Artist Mary Harold excited to be part of our Studio Access Scheme
Mary, who practices traditional silkscreen printing techniques in her art, creates a wide range of paper and fabric craft items, such as greeting cards, tote bags and bunting, for sale at local craft fairs and galleries.
As demand for her work has grown, she found that her output was limited by the screenprinting equipment that she could afford to purchase for her studio at home.
Through our Studio Access scheme, Mary now uses specialist heat presses and exposure units to create a more consistent, commercial standard print, which is allowing her to expand distribution and increase the number of galleries that can stock her creations.
Speaking of her art, Mary said, “I started attending Short Courses in the evenings at Plymouth College of Art, which is where I first learned about screenprinting and working on fabric as well as on paper.
“I attended the courses for several years, until I felt like I had the skills I needed to set up as an independent printmaker, but then reached a point when I wanted to use the college equipment but didn’t need the teaching anymore.
“There was a lot that I could do in my studio at home. Most of my designs begin with a drawing by hand, which are then transferred to a silkscreen and then printed.
“The college has an exposure unit which allows for much more detail in your designs. I also find the heat press a valuable tool – it sets the ink on fabrics and makes them commercially viable.
“Now that I’ve increased my output, I’m hoping to really expand the number of galleries stocking my products and the craft fairs that I exhibit at.
“It’s exciting to feel like I’m part of a movement of print artists in the UK. I’m a huge fan of of printmakers like the St Jude’s movement, there are lots of good printmakers in the South West and it would be great to see them gaining some recognition too!”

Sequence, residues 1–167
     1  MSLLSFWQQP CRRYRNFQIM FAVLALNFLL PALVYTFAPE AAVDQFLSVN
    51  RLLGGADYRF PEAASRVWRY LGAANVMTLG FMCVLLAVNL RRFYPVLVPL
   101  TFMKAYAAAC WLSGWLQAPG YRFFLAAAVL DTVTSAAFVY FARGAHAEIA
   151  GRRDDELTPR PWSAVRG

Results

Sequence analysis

Rosie Gibson, Project Coordinator for Studio Access here at the college, said, “We’re delighted to be able to support practitioners to make and develop their work through the scheme.
“We have excellent resources at the college and it’s great to be able to support people, not just while they’re studying with us, but after graduation and beyond.
“Experienced creative practitioners might not need the level of tuition that you get on one of our degrees or Short Course, but at the same time not everybody has access to the kind of expensive, specialist equipment that we can offer. Studio Access is ideal for meeting the needs of experienced artists and graduates in the South West.
“Currently we’re offering bookable slots for access to our Ceramics, Glass, Printmaking, Printed Textiles and Jewellery facilities, but in time we’re aiming to expand this to also include media facilities and fashion studios.”